U.S. v. Etenyi. 2015 WL 7422604 (11/23/15) (Kan.) (unpub'd) - The 10th remands for findings of fact and statement of reasons for a detention order. The written order said the detention was for the reasons stated on the record at the detention hearing, but at the hearing the district court did not provide sufficient explanation and factual findings to support the detention. So no meaningful appellate review was possible.

Duncan v. Hickenlooper, 2015 WL 7567465 (11/25/15) (Col.) (unpub'd) - The 10th excuses Mr. Duncan for not filing timely objections to the magistrate judge's report and recommendations. He didn't receive any legal mail while hospitalized. He met the objective prong for a § 1983 suit for a cruel & unusual punishment lawsuit concerning uranium and trihalomethanes in the prison's drinking water from Sterling, Colorado. He suffered liver, kidney, thyroid, immune-system , nervous system, spine and lung damage accompanied by "extreme, daily abdominal pain." He met the subjective prong with respect to the wardens because he submitted documents indicating Sterling notified the wardens in 2008 of elevated uranium levels in the city water and in 2012 about elevated trihalomethane levels and the wardens did nothing to abate the risk until 2013. This shows deliberate indifference to the prisoners' health.

Rowley v. Morant, 2015 WL 7567485 (11/25/15) (N.M.) (unpub'd) - The 10th affirms denial of § 1983 relief to one of the door-to-door salesmen who was unjustly accused of killing a couple in Albuquerque and kept in jail for 16 months. The 10th holds Mr. Rowley's involuntary-statement claim is precluded by the state district court's ruling that his statements were voluntary. The 10th finds no abuse of discretion in the district court's denial of a motion to amend to include a claim that interrogating officers disregarded Mr. Rowley's request for an attorney. The district court rejected Mr Rowley's contention he filed the motion so late because he didn't learn until later that the tape of his interrogation [which didn't show an attorney request], had been tampered with. The 10th says the court reasonably found Mr. Rowley did not come up with a real expert to prove the tampering. Importantly for appellate types, the 10th refuses to consider Mr. Rowley's attempt in his reply brief to distinguish a case upon which the district court relied. Mr. Rowley had to challenge the district court's reasoning and so distinguish the case in the opening brief. A suggestion in a footnote in the opening brief in a parenthetical to an out-of-circuit case didn't cut it.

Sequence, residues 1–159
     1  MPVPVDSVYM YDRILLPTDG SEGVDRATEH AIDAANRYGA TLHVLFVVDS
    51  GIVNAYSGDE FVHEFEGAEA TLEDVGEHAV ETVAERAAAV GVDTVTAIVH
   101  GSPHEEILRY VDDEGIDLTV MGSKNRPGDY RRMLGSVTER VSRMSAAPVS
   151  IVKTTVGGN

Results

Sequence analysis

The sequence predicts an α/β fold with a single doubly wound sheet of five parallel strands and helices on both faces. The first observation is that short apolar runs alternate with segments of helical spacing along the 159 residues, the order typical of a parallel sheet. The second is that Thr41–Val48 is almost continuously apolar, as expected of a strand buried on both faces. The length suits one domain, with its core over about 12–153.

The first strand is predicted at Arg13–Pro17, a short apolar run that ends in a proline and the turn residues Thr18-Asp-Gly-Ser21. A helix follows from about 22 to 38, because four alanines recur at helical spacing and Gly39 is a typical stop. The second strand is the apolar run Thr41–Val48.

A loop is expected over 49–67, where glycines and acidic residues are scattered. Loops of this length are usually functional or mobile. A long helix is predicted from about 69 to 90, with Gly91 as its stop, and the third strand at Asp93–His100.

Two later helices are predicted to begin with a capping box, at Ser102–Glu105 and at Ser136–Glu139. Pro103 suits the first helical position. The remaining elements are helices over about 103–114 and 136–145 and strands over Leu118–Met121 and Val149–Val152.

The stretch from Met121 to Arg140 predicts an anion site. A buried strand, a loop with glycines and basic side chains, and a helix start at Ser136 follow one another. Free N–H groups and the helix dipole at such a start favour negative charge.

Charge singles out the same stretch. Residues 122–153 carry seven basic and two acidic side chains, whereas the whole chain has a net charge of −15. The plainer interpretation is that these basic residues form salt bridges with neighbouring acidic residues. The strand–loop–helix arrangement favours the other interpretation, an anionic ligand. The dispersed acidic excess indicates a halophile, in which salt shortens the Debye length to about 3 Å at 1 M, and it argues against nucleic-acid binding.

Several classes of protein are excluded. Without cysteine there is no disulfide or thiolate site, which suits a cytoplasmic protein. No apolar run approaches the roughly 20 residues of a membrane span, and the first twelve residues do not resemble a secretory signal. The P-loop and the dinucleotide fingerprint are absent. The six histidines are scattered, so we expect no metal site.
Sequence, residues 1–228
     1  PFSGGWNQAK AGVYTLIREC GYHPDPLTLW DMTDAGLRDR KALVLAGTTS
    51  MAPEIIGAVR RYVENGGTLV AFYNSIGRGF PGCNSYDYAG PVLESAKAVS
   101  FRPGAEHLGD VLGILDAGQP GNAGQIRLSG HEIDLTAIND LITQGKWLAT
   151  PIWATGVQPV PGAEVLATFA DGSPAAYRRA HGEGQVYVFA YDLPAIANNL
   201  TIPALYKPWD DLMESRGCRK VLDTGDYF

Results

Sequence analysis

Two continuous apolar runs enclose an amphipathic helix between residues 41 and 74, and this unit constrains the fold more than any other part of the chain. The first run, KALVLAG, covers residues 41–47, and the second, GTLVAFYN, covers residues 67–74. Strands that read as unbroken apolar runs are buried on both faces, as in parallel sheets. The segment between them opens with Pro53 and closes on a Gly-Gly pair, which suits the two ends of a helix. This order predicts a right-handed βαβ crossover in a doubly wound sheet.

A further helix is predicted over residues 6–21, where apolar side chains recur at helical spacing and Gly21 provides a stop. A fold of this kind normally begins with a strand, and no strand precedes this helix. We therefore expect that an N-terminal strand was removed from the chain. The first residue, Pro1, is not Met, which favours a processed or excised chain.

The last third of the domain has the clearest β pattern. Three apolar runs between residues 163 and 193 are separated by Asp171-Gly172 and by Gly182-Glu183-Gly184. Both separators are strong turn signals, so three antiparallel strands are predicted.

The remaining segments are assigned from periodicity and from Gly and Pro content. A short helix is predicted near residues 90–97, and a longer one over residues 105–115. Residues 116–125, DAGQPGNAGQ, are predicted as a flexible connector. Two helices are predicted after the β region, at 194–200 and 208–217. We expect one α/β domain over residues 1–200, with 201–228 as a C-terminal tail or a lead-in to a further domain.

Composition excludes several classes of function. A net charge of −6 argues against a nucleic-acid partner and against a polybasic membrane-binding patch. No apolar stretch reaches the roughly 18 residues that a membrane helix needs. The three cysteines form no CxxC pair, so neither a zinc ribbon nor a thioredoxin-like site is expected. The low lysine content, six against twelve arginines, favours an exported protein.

U.S. v. Owens, 2015 WL 7597450 (11/27/15) (Okl.) (unpub'd) - Mr. Owens ended up with a 27-year sentence for child porn production after entering a plea agreement which apparently did him no good, but did contain an appeal waiver. Later Mr. Owens filed a § 2255 asserting his counsel was ineffective for not advising him he could plead guilty without a plea agreement that waived his appeal right. The 10th finds no prejudice because ultimately Mr. Owens withdrew the notice of appeal he had initially filed after his attorney advised him his appeal would not succeed. But one of the reasons his attorney gave for why his appeal wouldn't succeed was that he had waived his right to appeal!? More substantively, the 10th assures us that a district court does not err by rejecting habeas claims in footnotes. The 10th proceeds to deny Mr. Owens' evidentiary-hearing claim in a footnote.

Tiedemann v. Church of Jesus Christ of Latter Day Saints, 2015 WL 7367261 (11/25/15) (Ut.) (unpub'd) - The 10th rejects Mr. Tiedemann's claim that the church and its leader violated his constitutional rights by endangering his soul.